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Stomach bacterium damages human DNA; Risk factor for gastric cancer

Date:
September 6, 2011
Source:
University of Zurich
Summary:
The stomach bacterium Helicobacter pylori is one of the biggest risk factors for the development of gastric cancer, the third most common cause of cancer-related deaths in the world. Molecular biologists in Switzerland have now identified a mechanism of H. pylori that damages the DNA of cells in the gastric mucosa and sets them up for malignant transformation.

The stomach bacterium Helicobacter pylori is one of the biggest risk factors for the development of gastric cancer, the third most common cause of cancer-related deaths in the world. Molecular biologists from the University of Zurich have now identified a mechanism of H. pylori that damages the DNA of cells in the gastric mucosa and sets them up for malignant transformation.

Gastric cancer is one of the most common and often fatal cancers: Every third cancer death is due to gastric carcinoma. The main risk factor for the development of gastric cancer is the chronic infection of the gastric mucosa with the bacterium H. pylori. Since this bacterium was discovered in 1983, scientists have been puzzling over the molecular mechanisms triggering carcinogenesis. Now, several research teams headed by Prof. Anne Mόller and Prof. Massimo Lopes from the Institute of Molecular Cancer Research at the University of Zurich have demonstrated how H. pylori harms human and animal host cells in in vitro experiments. The study published in the Proceedings of the National Academy of Sciences (PNAS) shows that infection of host cells leads to breaks in both strands of the DNA double helix.

Degree of damage depends on duration of infection

Mόller, Lopes and their teams also show that the frequency of the double-strand breaks depends on the intensity and duration of the infection. The DNA breaks induced by H. pylori trigger the cell's natural DNA damage signaling and repair mechanisms. If the bacterium is killed off with antibiotics within a few hours of infection, most of the breaks can be repaired successfully. Prolonged infections that imitate the conditions in the chronically infected host, however, exhaust the cell's repair response and the dangerous double-strand breaks can no longer -or only imprecisely- be repaired, causing genetic mutations or the death of the cell. The new findings are in agreement with the previously described genomic instability of gastric cancer cells and will be important for a better understanding of the pathological mechanisms promoting gastric carcinogenesis.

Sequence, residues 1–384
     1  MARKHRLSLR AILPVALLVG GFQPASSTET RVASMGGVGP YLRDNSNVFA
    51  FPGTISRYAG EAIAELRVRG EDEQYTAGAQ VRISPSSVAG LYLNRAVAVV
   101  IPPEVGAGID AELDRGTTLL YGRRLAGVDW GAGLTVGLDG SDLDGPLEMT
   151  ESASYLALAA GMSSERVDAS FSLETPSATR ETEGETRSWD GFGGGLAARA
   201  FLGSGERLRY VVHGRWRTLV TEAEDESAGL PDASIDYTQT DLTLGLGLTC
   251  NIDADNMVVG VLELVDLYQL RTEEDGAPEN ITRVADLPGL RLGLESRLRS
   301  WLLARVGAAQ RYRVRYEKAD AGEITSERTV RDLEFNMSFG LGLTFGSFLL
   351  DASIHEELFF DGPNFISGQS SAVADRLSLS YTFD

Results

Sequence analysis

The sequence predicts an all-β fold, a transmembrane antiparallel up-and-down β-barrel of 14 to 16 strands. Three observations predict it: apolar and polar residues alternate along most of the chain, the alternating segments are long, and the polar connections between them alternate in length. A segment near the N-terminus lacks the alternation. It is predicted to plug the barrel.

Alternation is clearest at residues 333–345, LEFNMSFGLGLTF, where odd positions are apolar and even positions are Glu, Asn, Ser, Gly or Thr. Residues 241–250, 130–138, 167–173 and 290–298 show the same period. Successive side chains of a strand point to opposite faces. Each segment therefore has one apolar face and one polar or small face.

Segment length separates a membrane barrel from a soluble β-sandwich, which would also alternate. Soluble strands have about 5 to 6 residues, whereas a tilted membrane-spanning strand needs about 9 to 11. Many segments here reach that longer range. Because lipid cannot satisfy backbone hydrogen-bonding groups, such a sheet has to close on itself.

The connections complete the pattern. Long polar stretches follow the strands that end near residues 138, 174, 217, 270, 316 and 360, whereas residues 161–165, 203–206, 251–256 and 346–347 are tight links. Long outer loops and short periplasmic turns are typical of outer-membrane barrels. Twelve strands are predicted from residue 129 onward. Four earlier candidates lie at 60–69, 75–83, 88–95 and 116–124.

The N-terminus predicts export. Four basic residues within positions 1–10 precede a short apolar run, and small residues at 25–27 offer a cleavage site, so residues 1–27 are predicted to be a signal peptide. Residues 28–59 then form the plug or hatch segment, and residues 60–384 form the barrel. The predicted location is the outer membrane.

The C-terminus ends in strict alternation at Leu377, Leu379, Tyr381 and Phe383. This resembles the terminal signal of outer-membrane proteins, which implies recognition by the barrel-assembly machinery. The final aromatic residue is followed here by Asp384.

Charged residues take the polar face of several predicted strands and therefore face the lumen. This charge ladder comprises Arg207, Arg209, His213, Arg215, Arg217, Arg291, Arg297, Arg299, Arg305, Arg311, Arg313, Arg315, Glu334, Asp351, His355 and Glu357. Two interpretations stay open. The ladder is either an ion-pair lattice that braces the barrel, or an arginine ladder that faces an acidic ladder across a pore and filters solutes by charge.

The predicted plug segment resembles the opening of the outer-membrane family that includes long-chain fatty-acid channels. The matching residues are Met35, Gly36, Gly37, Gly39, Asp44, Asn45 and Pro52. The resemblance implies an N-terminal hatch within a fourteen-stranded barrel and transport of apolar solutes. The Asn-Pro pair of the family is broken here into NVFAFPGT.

The research was also funded with contributions from the Swiss National Science Foundation, the Schweizer Krebsliga (Swiss Cancer Society) and the Research Credit of the University of Zurich.


Story Source:

The above story is based on materials provided by University of Zurich. Note: Materials may be edited for content and length.


Journal Reference:

  1. Isabella M. Toller, Kai Neelsen, Martin Steger, Mara L. Hartung, Michael O. Hottiger, Manuel Stucki, Behnam Kalali, Markus Gerhard, Alessandro A. Sartori, Massimo Lopes and Anne Mόller. The Carcinogenic Bacterial Pathogen Helicobacter pylori triggers DNA Double Strand Breaks and a DNA Damage Response in its Host Cells. Proceedings of the National Academy of Sciences, 2011; DOI: 10.1073/pnas.1100959108

Cite This Page:

University of Zurich. "Stomach bacterium damages human DNA; Risk factor for gastric cancer." ScienceDaily. ScienceDaily, 6 September 2011. <www.sciencedaily.com/releases/2011/09/110905160446.htm>.
University of Zurich. (2011, September 6). Stomach bacterium damages human DNA; Risk factor for gastric cancer. ScienceDaily. Retrieved April 19, 2014 from www.sciencedaily.com/releases/2011/09/110905160446.htm
University of Zurich. "Stomach bacterium damages human DNA; Risk factor for gastric cancer." ScienceDaily. www.sciencedaily.com/releases/2011/09/110905160446.htm (accessed April 19, 2014).

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